Re: 2-D Chebyshev Polynomial Regression

*To*: mathgroup at smc.vnet.net*Subject*: [mg13321] Re: 2-D Chebyshev Polynomial Regression*From*: Paul Abbott <paul at physics.uwa.edu.au>*Date*: Mon, 20 Jul 1998 02:49:42 -0400*Organization*: University of Western Australia*References*: <6nske5$fc8@smc.vnet.net>*Sender*: owner-wri-mathgroup at wolfram.com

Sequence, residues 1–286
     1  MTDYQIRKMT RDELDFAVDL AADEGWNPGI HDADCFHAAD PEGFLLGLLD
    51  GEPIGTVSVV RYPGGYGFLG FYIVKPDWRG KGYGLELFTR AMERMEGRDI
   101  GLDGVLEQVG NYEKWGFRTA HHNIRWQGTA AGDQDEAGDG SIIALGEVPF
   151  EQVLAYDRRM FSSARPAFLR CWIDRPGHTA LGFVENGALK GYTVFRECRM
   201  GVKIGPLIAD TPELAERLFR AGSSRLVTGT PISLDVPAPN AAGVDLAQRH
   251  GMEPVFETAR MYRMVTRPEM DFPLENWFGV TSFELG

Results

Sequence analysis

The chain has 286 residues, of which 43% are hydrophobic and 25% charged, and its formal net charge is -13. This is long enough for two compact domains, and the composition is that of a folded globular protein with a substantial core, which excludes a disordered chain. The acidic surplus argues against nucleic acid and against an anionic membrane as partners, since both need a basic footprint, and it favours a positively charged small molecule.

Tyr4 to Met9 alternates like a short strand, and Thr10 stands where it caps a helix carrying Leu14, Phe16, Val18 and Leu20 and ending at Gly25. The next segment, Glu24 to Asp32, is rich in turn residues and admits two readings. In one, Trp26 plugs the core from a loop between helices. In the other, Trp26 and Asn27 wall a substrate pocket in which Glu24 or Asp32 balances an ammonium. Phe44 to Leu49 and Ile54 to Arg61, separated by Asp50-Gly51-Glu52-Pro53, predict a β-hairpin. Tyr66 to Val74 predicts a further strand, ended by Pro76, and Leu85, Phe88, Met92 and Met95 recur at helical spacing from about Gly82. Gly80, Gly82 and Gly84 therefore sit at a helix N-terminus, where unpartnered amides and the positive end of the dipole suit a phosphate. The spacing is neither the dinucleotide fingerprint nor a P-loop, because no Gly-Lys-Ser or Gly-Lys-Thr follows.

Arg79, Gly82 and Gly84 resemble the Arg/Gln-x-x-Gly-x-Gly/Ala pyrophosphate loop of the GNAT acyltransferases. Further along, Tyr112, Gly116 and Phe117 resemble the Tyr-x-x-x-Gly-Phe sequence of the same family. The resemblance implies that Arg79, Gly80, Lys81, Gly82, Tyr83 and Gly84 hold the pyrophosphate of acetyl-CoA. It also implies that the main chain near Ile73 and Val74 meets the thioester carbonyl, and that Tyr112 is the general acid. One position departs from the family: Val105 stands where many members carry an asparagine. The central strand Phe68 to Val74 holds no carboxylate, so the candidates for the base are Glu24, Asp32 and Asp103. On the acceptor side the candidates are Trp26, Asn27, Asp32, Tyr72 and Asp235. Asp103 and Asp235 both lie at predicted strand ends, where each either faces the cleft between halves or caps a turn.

Chris Farr wrote: > Has anyone created a function in Mathematica to approximate a function > of two variables using 2-D Chebyshev Polynomial Regression? > > That is, has someone created a Mathematica algorithm which takes as its > input a real valued function f(x,y) defined on [a,b] X [c,d] and > returns a Chebyshev polynomial approximation p(x,y)? The following code may do what you want. It takes a real valued function f[x,y] defined on [-1,1] X [-1,1] and returns a Chebyshev polynomial approximation p[f][x,y]. Extending the one-dimensional Chebyshev formula to two dimensions in an obvious fashion, In[1]:= c[i_, j_, m_, n_][f_] := c[i, j, m, n][f] = Chop[N[4/(n m) Sum[f[Cos[Pi (k-1/2)/m], Cos[Pi (l-1/2)/n]]* Cos[Pi i (k-1/2)/m] Cos[Pi j (l-1/2)/n],{k,1,m},{l,1,n}]]] and defining a short-hand notation for the Chebyshev T polynomials (with the correction for the zeroth coefficient incorporated into the polynomial itself to simplify the notation), In[2]:= t[n_][x_]=ChebyshevT[n,x]; In[3]:= t[0][x_] = 1/2; then the (m,n)-th order polynomial approximation for f reads In[4]:= p[m_,n_][f_]:= p[m,n][f] = Function[{x,y},Sum[c[k,l,m,n][f] t[k][x] t[l][y],{k,0,m-1},{l,0,n-1}]] For example, with the (pure) function In[5]:= f = Function[{x,y},(x y^2)/(x + y + 1)]; the (3,3)-approximation reads In[6]:= p[3,3][f][x,y] Out[6]= 2 2 0.375 y x + 0.125 (2 y - 1) x + 0.125 x + 0.125 (2 x - 1) - 2 2 2 0.375 (2 x - 1) y - 0.375 y + 0.125 (2 x - 1) (2 y - 1) + 2 0.125 (2 y - 1) + 0.125 This code uses dynamic programming (i.e., g[x_]:= g[x] = ...) to store intermediate computations and pure functions (so that computation for new functions f is immediate). The transformation from [a,b] X [c,d] to [-1,1] X [-1,1] is x -> (2x-a-b)/(b-a) y -> (2y-c-d)/(d-c) with inverse x -> ((b-a)x+a+b)/2 y -> ((d-c)y+c+d)/2 so only a simple modification of the above code is required to generalize it to [a,b] X [c,d]. Note also that Mathematica includes a number of packages for related computations including NumericalMath`Approximations` and Calculus`Pade`. Hope that this helps. Cheers, Paul ____________________________________________________________________ Paul Abbott Phone: +61-8-9380-2734 Department of Physics Fax: +61-8-9380-1014 The University of Western Australia Nedlands WA 6907 mailto:paul at physics.uwa.edu.au AUSTRALIA http://www.pd.uwa.edu.au/~paul God IS a weakly left-handed dice player ____________________________________________________________________